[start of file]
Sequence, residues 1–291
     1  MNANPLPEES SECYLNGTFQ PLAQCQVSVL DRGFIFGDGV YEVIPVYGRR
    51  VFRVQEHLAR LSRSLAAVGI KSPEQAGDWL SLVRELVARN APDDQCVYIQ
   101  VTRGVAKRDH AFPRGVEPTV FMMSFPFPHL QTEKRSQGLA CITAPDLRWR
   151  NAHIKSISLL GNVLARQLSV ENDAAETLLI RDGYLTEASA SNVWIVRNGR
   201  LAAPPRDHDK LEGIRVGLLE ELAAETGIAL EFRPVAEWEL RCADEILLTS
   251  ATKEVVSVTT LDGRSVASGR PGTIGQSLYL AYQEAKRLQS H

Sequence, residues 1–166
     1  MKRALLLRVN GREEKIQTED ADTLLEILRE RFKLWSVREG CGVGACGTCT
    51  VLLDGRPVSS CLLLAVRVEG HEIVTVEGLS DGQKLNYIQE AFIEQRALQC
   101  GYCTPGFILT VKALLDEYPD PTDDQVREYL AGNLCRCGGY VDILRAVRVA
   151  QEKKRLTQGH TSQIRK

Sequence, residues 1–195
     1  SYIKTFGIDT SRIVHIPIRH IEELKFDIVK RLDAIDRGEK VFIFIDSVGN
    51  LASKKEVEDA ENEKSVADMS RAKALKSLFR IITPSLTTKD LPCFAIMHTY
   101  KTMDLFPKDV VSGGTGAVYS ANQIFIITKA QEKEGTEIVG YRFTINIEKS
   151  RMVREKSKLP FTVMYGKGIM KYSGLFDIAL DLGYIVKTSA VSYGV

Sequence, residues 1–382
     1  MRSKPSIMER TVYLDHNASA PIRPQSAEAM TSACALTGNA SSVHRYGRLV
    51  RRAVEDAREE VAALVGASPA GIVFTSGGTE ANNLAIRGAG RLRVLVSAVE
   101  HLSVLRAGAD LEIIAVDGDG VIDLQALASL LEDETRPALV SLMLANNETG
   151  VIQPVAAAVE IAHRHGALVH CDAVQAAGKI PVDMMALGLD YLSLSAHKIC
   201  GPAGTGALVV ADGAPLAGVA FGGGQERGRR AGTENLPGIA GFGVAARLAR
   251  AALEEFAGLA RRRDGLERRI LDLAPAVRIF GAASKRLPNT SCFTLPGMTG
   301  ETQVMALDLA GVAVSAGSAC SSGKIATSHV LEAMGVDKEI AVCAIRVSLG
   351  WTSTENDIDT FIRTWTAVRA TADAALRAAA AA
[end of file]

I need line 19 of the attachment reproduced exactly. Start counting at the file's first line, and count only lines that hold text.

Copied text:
     1  MRSKPSIMER TVYLDHNASA PIRPQSAEAM TSACALTGNA SSVHRYGRLV